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Dedicated Care: Vital Services for Stroke Prevention, Treatment and Rehabilitation

Residents of the San Gabriel Valley now have access to an important new medical service that will aid in the prevention, treatment and recovery from stroke. This spring Huntington Memorial Hospital opened a 10-bed stroke unit that is the first step in the hospital’s quest to become the area’s only accredited primary stroke center.

Each year more than 750,000 Americans suffer a stroke; yet despite signs that the incidence of stroke is increasing, dedicated stroke units are a rarity in communities across America. In Los Angeles County, for example, there are currently only five primary stroke care centers accredited by the Joint Commission, the nation’s predominant standards-setting and accrediting body in healthcare.

“Huntington sees approximately 500 stroke patients each year, and that number is growing,” said Elizabeth Mullikin, executive director of the neuroscience service line. “It is vital that we develop a dedicated facility that allows patients to receive the specialized care they need to overcome the serious consequences of cerebrovascular disease and the potential disability caused by stroke.”

As part of the planning to become an accredited stroke center, Huntington’s neurosciences service line has recruited specialized health professionals and established specialty treatment and care capabilities. Huntington’s dedicated stroke team consists of physicians from neurology, neuroradiology, neurosurgery, specially trained emergency room doctors and specially trained nursing staff.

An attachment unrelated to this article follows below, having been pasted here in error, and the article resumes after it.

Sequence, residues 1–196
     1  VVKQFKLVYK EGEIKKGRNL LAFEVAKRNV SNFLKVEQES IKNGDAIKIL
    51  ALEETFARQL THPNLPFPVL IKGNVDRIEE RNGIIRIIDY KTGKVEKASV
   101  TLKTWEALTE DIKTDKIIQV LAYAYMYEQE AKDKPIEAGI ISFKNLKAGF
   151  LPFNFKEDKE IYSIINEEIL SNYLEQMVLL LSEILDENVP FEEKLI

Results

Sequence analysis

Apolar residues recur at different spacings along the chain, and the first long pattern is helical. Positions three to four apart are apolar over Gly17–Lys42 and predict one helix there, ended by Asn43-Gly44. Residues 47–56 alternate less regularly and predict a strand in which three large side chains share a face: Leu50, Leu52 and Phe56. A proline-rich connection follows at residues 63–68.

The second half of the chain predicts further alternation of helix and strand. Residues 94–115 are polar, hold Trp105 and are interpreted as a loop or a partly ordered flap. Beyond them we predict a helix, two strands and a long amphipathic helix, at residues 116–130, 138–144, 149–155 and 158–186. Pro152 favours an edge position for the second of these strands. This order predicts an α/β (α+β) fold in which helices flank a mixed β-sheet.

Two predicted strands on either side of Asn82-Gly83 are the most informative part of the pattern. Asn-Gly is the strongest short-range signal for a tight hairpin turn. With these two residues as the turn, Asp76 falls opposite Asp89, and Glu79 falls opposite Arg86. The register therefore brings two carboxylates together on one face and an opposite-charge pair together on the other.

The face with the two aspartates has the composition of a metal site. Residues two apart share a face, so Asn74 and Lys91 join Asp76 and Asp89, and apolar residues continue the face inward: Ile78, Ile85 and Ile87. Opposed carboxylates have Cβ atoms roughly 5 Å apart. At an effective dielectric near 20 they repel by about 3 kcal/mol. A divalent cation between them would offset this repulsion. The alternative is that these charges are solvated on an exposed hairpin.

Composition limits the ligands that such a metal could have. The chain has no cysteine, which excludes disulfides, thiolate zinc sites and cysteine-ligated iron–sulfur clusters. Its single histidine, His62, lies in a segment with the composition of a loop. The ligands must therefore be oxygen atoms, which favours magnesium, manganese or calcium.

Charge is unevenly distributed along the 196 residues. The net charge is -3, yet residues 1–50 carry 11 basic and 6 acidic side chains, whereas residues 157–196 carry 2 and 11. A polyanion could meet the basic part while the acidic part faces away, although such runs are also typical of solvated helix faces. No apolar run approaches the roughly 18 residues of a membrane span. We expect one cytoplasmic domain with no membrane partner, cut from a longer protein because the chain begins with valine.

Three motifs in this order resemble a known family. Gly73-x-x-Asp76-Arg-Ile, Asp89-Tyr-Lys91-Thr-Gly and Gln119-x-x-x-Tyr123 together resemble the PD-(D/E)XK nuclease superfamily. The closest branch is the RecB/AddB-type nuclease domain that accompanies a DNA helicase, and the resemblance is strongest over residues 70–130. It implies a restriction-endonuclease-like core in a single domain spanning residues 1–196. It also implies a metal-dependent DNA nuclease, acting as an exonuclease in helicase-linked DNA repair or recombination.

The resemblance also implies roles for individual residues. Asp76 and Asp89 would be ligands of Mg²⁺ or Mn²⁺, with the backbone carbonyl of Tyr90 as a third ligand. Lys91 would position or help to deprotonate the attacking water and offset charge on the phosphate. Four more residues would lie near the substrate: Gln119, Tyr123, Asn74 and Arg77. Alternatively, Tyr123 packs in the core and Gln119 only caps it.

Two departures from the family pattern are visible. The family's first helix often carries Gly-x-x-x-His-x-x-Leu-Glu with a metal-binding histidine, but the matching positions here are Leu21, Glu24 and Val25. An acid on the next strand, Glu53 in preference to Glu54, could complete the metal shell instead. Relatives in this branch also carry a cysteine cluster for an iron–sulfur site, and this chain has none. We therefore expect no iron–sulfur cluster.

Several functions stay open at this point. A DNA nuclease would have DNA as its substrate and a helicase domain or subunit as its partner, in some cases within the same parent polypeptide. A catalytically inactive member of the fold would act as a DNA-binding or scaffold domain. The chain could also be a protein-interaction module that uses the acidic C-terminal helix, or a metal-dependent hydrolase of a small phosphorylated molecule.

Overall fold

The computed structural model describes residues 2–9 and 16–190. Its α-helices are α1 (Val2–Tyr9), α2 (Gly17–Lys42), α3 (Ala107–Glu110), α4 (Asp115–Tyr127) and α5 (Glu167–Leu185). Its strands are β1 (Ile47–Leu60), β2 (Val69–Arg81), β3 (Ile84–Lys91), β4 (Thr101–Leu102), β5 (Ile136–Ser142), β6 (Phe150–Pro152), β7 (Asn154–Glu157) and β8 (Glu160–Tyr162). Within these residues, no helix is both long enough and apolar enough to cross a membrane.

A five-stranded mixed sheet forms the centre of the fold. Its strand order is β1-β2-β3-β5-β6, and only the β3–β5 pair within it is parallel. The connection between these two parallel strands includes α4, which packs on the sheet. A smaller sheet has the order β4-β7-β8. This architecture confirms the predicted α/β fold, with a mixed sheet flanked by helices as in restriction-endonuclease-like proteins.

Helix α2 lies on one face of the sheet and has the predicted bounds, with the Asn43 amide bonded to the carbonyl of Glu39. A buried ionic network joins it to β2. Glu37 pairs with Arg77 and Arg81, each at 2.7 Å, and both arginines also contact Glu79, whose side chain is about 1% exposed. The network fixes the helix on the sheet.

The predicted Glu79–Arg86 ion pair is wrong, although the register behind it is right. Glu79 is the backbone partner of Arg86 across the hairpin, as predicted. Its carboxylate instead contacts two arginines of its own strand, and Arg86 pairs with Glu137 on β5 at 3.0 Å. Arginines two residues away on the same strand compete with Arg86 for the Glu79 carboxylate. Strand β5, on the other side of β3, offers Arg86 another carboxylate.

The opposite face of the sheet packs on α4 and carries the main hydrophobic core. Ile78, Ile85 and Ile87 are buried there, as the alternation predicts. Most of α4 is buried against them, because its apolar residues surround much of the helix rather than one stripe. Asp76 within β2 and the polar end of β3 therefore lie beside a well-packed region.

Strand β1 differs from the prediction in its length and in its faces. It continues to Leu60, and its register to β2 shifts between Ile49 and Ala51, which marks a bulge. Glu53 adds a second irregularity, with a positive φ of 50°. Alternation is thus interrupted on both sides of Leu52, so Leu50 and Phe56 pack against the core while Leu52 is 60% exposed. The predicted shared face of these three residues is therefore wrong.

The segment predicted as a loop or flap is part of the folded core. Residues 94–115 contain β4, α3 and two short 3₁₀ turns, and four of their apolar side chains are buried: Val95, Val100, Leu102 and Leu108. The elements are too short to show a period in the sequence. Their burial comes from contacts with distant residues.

The hospital will be utilizing state-of-the-art treatments, including tPA, a clot-busting drug that can only be administered within three hours of a stroke, as well as the two leading mechanical clot-retrieval devices available today, the Penumbra and the Merci Clot Retrieval. Huntington also offers neurosurgical intervention in cases of hemorrhagic stroke.

All of these treatments expand the window of opportunity for clinical intervention and effective treatment of strokes in patients who may otherwise be seriously disabled or suffer death.

In addition to its stroke treatment capabilities, the Huntington stroke unit will put in place protocols for prevention of secondary stroke. Forty percent of patients who have had a stroke will suffer a subsequent stroke within five years. The risk for recurring stroke is highest within the first few weeks and months of the previous stroke. The risk is about 14 percent in the first year and about 5 percent thereafter, so preventive measures must be instituted as soon as possible. The risk of secondary stroke may be reduced with medications, a healthy diet, control of high blood pressure, regular exercise, and by avoiding or quitting smoking.

Championed by Dr.Arbi Ohanian and nursing administration, the Huntington stroke center is scheduled to undergo certification proceedings with the Joint Commission in October 2009.